Sun Sentinel Broward Edition

Apple, in music shift, feels the power of Taylor Swift

- By Brandon Bailey Associated Press

PALO ALTO, Calif. — Even mighty Apple can’t say no to Taylor Swift.

Hours after the pop superstar criticized the giant tech company in an open letter posted online Sunday, Apple announced that it will pay royalties to artists and record labels for music played during a free, three-month trial of its new streaming music service.

“When I woke up this morning and I saw Taylor’s note that she had written, it really solidified that we needed to make a change,” said Apple senior vice president Eddy Cue.

Apple had already agreed to share revenue from paid subscripti­ons to the new Apple Music service, which will cost $10 a month. But Swift said she would withhold her latest album from the service because Apple wasn’t planning to pay artists and labels directly for the use of their music during the free, introducto­ry period.

“We don’t ask you for free iPhones. Please don’t ask us to provide you with our music for no compen- sation,” Swift wrote in an open letter on her Tumblr page, under the heading “To Apple, Love Taylor.”

Apple has maintained that it negotiated revenuesha­ring at rates that are slightly higher than the industry standard, to compensate for the three months that it plans to offer its streaming service without charge.

“We had factored that in,” Cue said. But he added, “We had been hearing from artists that this was going to be rough on them, so we are making this change.”

Cue declined to say how much Apple will pay in royalties for streaming during the free trial period. He said Apple will share 71.5 percent of its revenue from paid subscripti­ons within the United States and 73 percent from subscripti­ons outside the country, while other streaming services generally share about 70 percent.

Some artists and independen­t labels had worried they would miss out on opportunit­ies to get a financial return from new music that is released during the three-month trial. Swift said she spoke out on their behalf.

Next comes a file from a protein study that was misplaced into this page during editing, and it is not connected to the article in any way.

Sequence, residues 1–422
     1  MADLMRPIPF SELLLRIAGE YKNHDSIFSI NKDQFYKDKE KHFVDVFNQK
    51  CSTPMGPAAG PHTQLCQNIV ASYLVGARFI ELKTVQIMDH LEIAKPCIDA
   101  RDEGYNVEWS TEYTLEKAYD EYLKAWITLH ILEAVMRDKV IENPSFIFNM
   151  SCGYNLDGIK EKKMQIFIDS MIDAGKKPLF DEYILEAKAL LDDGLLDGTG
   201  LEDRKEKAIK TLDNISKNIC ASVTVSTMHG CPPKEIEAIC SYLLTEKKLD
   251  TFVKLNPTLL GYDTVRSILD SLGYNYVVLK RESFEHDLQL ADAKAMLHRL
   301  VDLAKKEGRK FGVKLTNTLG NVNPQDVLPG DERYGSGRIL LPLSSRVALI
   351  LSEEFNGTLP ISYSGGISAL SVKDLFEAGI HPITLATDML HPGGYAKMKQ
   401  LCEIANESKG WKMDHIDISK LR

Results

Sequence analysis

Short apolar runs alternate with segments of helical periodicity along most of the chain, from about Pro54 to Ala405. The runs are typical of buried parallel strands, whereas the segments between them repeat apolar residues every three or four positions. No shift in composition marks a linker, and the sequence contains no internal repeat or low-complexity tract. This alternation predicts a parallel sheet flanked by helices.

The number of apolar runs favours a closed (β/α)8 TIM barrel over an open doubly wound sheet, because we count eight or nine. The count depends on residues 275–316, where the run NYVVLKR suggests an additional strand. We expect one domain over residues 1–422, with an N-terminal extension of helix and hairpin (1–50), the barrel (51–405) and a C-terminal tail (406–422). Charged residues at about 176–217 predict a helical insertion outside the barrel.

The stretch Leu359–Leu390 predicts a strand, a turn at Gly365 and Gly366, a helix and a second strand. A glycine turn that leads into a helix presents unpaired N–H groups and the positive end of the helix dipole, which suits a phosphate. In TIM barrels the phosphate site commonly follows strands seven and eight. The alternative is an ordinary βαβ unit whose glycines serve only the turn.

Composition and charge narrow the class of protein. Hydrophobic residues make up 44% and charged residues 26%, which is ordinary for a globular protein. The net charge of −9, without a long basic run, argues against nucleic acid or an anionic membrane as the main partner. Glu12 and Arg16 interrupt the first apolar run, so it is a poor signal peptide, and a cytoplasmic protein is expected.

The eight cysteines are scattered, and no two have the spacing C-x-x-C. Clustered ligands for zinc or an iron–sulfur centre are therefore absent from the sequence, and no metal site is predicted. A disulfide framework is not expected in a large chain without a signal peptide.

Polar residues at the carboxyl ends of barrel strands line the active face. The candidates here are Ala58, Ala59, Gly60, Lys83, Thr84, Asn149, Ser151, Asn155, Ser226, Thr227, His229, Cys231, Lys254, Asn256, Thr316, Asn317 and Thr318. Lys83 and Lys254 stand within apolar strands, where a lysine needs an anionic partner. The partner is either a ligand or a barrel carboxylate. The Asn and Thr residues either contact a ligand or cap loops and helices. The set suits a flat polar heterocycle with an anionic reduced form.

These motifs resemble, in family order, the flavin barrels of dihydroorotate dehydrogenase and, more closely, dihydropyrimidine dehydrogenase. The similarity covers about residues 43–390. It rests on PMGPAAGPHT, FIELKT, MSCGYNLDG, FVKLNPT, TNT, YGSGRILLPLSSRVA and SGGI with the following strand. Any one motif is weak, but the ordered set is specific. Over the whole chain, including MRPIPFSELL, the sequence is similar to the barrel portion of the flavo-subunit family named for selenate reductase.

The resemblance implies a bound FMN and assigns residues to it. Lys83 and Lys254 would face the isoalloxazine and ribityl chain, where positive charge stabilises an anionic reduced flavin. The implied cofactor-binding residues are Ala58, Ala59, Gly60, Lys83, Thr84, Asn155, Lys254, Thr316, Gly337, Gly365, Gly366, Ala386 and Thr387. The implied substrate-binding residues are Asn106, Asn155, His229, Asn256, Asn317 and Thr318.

Swift wasn’t immediatel­y available for comment on Apple’s change of heart. But she posted a reaction on Twitter late Sunday, saying “I am elated and relieved. Thank you for your words of support today. They listened to us.”

Cue wouldn’t comment on whether she will now make her album “1989” available on Apple Music. But he said he spoke with Swift personally Sunday. “She was very pleased to see that we would give her a call right away and have a discussion,” he said.

Since Apple began selling digital music through its iTunes store in 2001, he added: “We’ve always loved music and have strived to make sure that artists are getting paid for their work.”

Swift wrote in her post that she found Apple’s original stance to be “shocking, disappoint­ing, and completely unlike this historical­ly progressiv­e and generous company.”

She added: “We know that this incredible company has the money to pay artists, writers and producers for the 3 month trial period.”

 ?? JEFF CHIU/AP ?? Apple CEO Tim Cook, right, greets record producer Jimmy Iovine at the Apple Music launch event in San Francisco in early June.
JEFF CHIU/AP Apple CEO Tim Cook, right, greets record producer Jimmy Iovine at the Apple Music launch event in San Francisco in early June.

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